September 14, 2021
“We can only be said to be alive in those moments when our hearts are conscious of our treasures.”—Thornton Wilder
I will be leaving on a 12-day trip tomorrow to visit my sister and her family who live across the country. Yes, I am anxious, not just about the usual worries that come with air travel, but about the Coronavirus and being in such close proximity with people who may not be vaccinated, may be carrying the delta variant, and may decide masking just isn’t for them. Any travel is a risk; yet, we had to cancel our visit last year because of Covid, and when will travel really be “safe” again? Was it ever?
Much conversation and many decisions and choices these days still revolve around Covid, this microscopic virus that is doing what viruses do—infecting its hosts—and so often leaving us feeling helpless, hopeless, divided, or angry, especially here in the Southeastern United States. We are so eager to know when things will be “normal” again that many act as if it already is: thus, the rise of the delta variant. But “wanting to know” is really code for wanting to feel in control again. The truth is, though, that the world has always been an uncertain place where we liked to believe we had control; now the Coronavirus has taught us that the world is not certain, and we, mere humans, do not have control of it.
Instead, whether we like it or not, we are holding the tension between what we would like our present experience to be, our ideal, and what it actually is. It is in that space between the two poles that we now must live. How, then, do we live? Albert Einstein once said that “When we are no longer able to change a situation, we are challenged to change ourselves.” Indeed, we do have options for changing ourselves in order to live more gracefully in the now of not knowing, options that include practicing discernment, wisdom, trust, faith, and gratitude. And, I would add, living in the present moment, aware of its many gifts.
“Nothing is more precious than being in the present moment. Fully alive, fully aware.” Thich Nhat Hanh
Every day, each moment, there is something to celebrate and something to cherish, if we have the eyes to see. “Consider the lilies,” Jesus Christ advised. Just that. I am trying to practice this awareness, and yesterday I noticed for the first time the vivid saffron-colored coreopsis (pictured above) springing up in a corner of my yard where I did not plant them. I felt as if the Creator had dropped off flowers for me. This morning, I watched three hummingbirds defy each other to sip from the feeder as they performed their aerial aerobics. Then, my plump tuxedo cat circled the sink, twice as he ritualistically does, before “asking” for a drink. These are moments to cherish, moments that may never come again, moments in which to be grateful for life. These are the moments that fortify me, and perhaps you, for whatever does come next.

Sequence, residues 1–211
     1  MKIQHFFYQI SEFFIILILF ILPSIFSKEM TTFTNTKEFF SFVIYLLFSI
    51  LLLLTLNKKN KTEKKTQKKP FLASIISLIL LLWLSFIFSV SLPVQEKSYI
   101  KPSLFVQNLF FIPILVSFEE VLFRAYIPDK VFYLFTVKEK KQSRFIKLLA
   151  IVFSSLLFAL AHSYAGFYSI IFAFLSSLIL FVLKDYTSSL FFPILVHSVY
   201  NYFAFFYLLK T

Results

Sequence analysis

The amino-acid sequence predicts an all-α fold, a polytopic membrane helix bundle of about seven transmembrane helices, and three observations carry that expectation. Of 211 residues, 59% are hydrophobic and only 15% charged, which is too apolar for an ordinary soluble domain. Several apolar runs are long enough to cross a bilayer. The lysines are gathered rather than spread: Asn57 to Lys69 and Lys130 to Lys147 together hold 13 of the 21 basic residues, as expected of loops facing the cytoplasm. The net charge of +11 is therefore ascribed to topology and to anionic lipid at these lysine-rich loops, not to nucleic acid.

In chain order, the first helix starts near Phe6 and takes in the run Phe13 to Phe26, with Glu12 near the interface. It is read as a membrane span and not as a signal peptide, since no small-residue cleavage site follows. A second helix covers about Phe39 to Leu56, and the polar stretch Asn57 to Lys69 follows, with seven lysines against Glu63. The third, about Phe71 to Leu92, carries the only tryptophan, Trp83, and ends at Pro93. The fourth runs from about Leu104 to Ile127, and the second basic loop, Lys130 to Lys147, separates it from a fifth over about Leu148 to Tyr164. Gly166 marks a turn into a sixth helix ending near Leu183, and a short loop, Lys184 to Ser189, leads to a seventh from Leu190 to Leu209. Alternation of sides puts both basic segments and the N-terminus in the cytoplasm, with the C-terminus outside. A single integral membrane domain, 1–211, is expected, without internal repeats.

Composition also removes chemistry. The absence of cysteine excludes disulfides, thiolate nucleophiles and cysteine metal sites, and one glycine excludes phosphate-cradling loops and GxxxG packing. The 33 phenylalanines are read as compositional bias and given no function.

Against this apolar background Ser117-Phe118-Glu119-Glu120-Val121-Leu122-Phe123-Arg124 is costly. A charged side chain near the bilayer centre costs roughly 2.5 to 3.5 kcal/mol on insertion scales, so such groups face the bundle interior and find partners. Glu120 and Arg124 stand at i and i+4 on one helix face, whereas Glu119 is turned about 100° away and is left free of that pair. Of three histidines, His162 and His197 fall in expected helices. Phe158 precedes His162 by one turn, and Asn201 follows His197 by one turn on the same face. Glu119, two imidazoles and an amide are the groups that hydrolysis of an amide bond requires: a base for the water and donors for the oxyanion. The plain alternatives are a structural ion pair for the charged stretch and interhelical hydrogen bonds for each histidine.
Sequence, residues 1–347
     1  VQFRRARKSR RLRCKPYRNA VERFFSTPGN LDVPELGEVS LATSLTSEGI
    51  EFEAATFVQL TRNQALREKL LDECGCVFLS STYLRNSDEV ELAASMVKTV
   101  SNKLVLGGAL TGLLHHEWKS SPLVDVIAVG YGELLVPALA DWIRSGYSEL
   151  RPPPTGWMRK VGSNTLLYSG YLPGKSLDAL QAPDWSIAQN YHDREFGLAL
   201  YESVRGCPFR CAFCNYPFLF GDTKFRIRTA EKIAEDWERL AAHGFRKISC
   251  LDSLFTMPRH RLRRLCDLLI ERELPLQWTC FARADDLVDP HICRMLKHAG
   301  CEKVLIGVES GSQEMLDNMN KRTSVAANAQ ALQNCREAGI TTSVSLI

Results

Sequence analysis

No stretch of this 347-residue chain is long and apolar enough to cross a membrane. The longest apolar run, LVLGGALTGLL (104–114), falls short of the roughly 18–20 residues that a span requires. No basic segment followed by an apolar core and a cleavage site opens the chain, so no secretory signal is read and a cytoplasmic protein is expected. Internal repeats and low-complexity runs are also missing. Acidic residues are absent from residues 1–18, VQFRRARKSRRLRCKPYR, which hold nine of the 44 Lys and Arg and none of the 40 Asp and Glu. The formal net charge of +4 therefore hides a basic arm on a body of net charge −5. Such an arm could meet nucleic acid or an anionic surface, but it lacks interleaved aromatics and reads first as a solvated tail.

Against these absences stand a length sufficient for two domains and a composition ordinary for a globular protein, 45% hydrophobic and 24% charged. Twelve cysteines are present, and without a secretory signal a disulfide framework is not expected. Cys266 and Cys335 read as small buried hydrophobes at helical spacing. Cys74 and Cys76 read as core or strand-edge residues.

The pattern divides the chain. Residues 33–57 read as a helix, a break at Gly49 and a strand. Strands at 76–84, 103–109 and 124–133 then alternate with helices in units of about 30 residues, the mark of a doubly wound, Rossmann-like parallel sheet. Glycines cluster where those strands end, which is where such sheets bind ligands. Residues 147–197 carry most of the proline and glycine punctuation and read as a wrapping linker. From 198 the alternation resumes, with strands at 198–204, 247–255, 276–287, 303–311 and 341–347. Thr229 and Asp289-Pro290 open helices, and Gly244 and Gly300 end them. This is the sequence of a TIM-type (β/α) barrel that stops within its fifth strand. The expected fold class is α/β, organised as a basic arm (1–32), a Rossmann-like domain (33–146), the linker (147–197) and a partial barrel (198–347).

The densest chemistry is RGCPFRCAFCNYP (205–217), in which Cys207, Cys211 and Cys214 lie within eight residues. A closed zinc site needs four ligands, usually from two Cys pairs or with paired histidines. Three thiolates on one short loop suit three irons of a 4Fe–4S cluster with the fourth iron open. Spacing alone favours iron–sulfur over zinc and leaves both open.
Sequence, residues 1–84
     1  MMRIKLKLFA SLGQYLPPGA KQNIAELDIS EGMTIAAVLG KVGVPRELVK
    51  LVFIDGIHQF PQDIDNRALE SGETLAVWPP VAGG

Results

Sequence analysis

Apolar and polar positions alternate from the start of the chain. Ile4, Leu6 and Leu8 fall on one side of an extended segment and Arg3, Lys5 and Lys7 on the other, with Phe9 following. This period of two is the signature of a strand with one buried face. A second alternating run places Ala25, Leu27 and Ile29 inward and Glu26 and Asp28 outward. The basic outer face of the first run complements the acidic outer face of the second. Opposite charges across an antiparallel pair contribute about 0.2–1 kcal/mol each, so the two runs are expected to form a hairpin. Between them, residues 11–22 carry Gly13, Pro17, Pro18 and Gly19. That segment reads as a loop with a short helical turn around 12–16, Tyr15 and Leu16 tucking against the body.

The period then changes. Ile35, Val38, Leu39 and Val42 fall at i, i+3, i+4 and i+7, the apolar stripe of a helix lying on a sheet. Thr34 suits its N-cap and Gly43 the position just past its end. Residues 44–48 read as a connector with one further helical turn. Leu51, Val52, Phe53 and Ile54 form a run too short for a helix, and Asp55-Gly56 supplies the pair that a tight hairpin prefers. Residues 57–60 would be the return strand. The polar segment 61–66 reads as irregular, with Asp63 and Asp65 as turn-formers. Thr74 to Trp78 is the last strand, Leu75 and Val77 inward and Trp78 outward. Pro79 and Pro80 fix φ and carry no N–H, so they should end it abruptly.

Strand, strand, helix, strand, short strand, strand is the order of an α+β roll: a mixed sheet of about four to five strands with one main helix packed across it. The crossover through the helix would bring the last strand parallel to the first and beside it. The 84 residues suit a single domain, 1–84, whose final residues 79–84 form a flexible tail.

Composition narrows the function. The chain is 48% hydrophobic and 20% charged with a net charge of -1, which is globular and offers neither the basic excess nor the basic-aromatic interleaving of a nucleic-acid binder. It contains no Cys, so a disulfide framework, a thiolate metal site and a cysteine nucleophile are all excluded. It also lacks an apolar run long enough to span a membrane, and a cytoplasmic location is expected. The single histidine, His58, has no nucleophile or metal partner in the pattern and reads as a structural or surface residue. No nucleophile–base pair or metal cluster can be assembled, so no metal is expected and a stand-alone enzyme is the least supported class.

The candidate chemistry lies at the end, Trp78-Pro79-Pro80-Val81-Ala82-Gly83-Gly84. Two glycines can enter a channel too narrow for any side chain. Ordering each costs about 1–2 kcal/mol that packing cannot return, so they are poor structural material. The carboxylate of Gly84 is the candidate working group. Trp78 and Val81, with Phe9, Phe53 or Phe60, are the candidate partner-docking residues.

“Be happy in the moment, that’s enough. Each moment is all we need, not more.” –Mother Teresa
Often in my blogs, I will share a poem I’ve written that accompanies my theme. But today I am grateful to offer a special gift. A poet friend of mine, Susan Luther, recently composed a piece that captures all that I am trying to convey in this blog and is lovingly willing to share it. It is a powerful, yet gentle, reminder to trust that there is something to cherish. There is something, or someone, calling us to have the courage to open our eyes to see it and our hearts to give thanks. There is reason to “cherish the day,” when we are “conscious of our treasures.” May you be blessed with moments of cherishing, and know that you are cherished, as well.
Blessings, Rosemary email@example.com.
Ghazal on an Imperfect Haiku
the high script of clouds hot green
tea – cherish the day
In pain, war, grief, joy: our days are few. Cherish the day.
– And if we find no clear reason to cherish the day?
Does the Carolina wren worry about death? Do
the clouds? Does the day demand its due? Cherish the day.
The doorbell rings. A friend wearing a mask brings ripe figs,
flower, a book splattered with fig juice. Cherish the day.
Arcs, swirls, circles – rainbows of red, green, gold, lilac chalk.
The sidewalk artist’s gift defies the blues: cherish the day.
Give us melons! But in Auschwitz, a meal of used spaghetti-
cooking water was a heaven-sent boon. Cherish the day.
What’s the silliest thing you can think of? The Chicken Dance?
Whatever it is, laugh like a loon, and cherish the day.
You say: the day you first saw me, BAM! you fell in love.
I took a little longer, but oh, cherish the day.
Melancholy, the black dove. When she swoops close, settles
on your shoulders – Eat. Sleep. Breathe. Live. Hope. Cherish the day.
‘Love the years of longing; love the brief days the desert blooms’ –
the brief, glorious days the desert blooms. Cherish those days.
The dragonfly’s wings move independently, yet it flies:
as we – sans factions – could learn to do. Cherish the day.
Script, prescription: hand, glide across the keyboard, the blank page.
Eyes: watch the inchworm inch its sure, slow way. Cherish the day.
Human, your days are few. A bristlecone might admonish you:
It’s a cliché, but true. Cherish, cherish the day.
© Susan Luther
Give us melons! See Numbers 11:5-6.
‘Love the years of longing . . .’
– see Edith Södergran, trans. Stina Katchadourian:
We should love life’s long hours of illness
and narrow years of longing
as we do the brief moments when the desert blooms.
from “Nothing,” in Love & Solitude
Bristlecone: bristlecone pine. These trees can live thousands of years, like the “Methuselah Tree” in the White Mountains of California, which is over 5,000 years old.